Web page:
Without Kevin Hart and Dwayne Johnson, Central Intelligence likely would have been a rock bottom, unfunny, unimaginative commercial comedy, but there’s a reason they’re widely known as some of the hardest working guys in Hollywood. Whether the material is on point or not, they give everything they do all they’ve got and in this case, their energy and charisma alone elevates the movie all the way from subpar nonsense to a moderately enjoyable, wide-appeal adventure.
Hart leads as Calvin. Back in high school, he was the big man on campus, rocking the nickname “Calvin the Jet” and being voted most likely to succeed. However, now Calvin’s just an accountant and the thought of attending his high school reunion as an unimpressive numbers cruncher is weighing on him. Then there’s Johnson as Bob Stone. He used to be a prime target for bullies but after an especially embarrassing incident during senior year, Bob trained hard, got ripped and is now a seemingly indestructible CIA agent.
Hart and Johnson are the heart (no pun intended) and soul of this film. Not only are they both highly likable and oozing with chemistry and charisma, but these characters are absolutely perfect for them. Ideally big stars completely lose themselves in their roles, but in this case, Hart and Johnson manage to strike a fun balance between selling the characters while also playing into their superstardom and making the most of their larger than life personas, especially Johnson.
No one’s seen Bob since that mortifying high school prank, so when he comes back to town for the big reunion and asks Calvin to grab a drink, Calvin sees no problem with it. But then of course, Calvin is shocked to learn that Bob Stone is no longer the chubby kid everyone used to pick on. He’s essentially an action hero. And just think; what would you do if you reconnected with someone who wasn’t the most popular kid in high school and he or she grew up to become something equivalent to The Rock? It’s an inherently amusing scenario and somewhat surprisingly, it never really gets old in the movie.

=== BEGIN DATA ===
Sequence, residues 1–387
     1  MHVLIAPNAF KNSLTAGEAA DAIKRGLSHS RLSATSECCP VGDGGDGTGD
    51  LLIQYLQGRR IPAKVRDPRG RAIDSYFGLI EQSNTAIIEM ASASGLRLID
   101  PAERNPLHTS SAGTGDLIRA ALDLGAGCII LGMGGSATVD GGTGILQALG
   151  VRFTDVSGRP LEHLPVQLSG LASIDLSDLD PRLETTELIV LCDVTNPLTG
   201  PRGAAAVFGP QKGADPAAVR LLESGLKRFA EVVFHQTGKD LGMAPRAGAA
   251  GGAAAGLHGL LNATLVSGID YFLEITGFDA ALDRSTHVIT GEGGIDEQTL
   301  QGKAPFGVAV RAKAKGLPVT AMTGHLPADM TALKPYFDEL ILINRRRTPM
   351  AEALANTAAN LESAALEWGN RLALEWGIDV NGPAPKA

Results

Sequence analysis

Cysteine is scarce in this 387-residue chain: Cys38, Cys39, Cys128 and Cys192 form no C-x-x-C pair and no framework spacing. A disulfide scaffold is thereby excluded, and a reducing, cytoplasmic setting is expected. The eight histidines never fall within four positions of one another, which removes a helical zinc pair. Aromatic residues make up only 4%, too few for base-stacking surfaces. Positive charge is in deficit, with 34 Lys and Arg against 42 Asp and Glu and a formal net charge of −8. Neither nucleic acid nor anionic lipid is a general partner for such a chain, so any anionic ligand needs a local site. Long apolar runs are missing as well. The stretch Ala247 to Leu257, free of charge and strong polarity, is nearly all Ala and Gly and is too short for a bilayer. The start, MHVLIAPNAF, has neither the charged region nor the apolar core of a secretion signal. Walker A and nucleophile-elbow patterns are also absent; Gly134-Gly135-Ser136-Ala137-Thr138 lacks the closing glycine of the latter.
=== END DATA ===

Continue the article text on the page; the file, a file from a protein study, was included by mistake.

Rather than run with a straightforward zero to hero approach to the character, the writers make the very smart choice to keep much of Bob’s quirky personality intact. He may look buff and be able to take down a group of thugs singlehandedly, but he wears a fanny pack, loves unicorns and has a really goofy sense of humor that pairs well with Hart’s work as the straight man. But only when Hart keeps Calvin grounded. Most of the time, Hart is the audience’s in, reacting as anyone might to Calvin’s crazy transformation and bizarre behavior. However, like clockwork, every ten minutes or so, he loses control and rolls into these high-pitched rants that don’t have the winning jokes and writing to support them.
The movie also comes close to spiraling out of control with the spy component of the script. Turns out, Bob is right in the middle of some questionable CIA business and he ropes Calvin into it. The scenario pairs well with the role reversal part of the movie, but there’s a mystery element to it that’s so overly complicated and repeats so many of the same beats that it never goes anywhere until the movie attempts to wrap it all up at the end, and at that point, there’s little to no interest in seeing the big reveal.
It’s a familiar studio-scale, broad comedy flaw, as is the lack of authorial expressivity in the directing. This is and probably was always meant to be the Kevin Hart, Dwayne Johnson show, but there is absolutely no style or flavor to Rawson Marshall Thurber’s visuals whatsoever. But even more problematic is that some of the action coverage and shot composition is noticeably off. It can be very difficult to track some of the fight sequences and most are edited so frenetically, it’s hard to appreciate the choreography. The camerawork in the conversation-driven, one-on-one scenes isn’t on point either. Yes, it’s a challenge to fit Johnson and Hart in the same frame when one is 6’5” and the other is 5’4”, but the way Thurber went about it is just plain old ugly. For example, rather than have Johnson’s chin flapping up and down in the top corner of Hart’s singles, it probably would have been more visually appealing to frame Johnson out of those shots entirely.
These are significant flaws that likely would have sank other films, but it’s nearly impossible to dislike Central Intelligence simply because Hart and Johnson are so radiant in it. Their characters are kind, warm and very entertaining. Plus, Hart and Johnson are clearly having a blast making the movie, and that energy and sheer joy is contagious.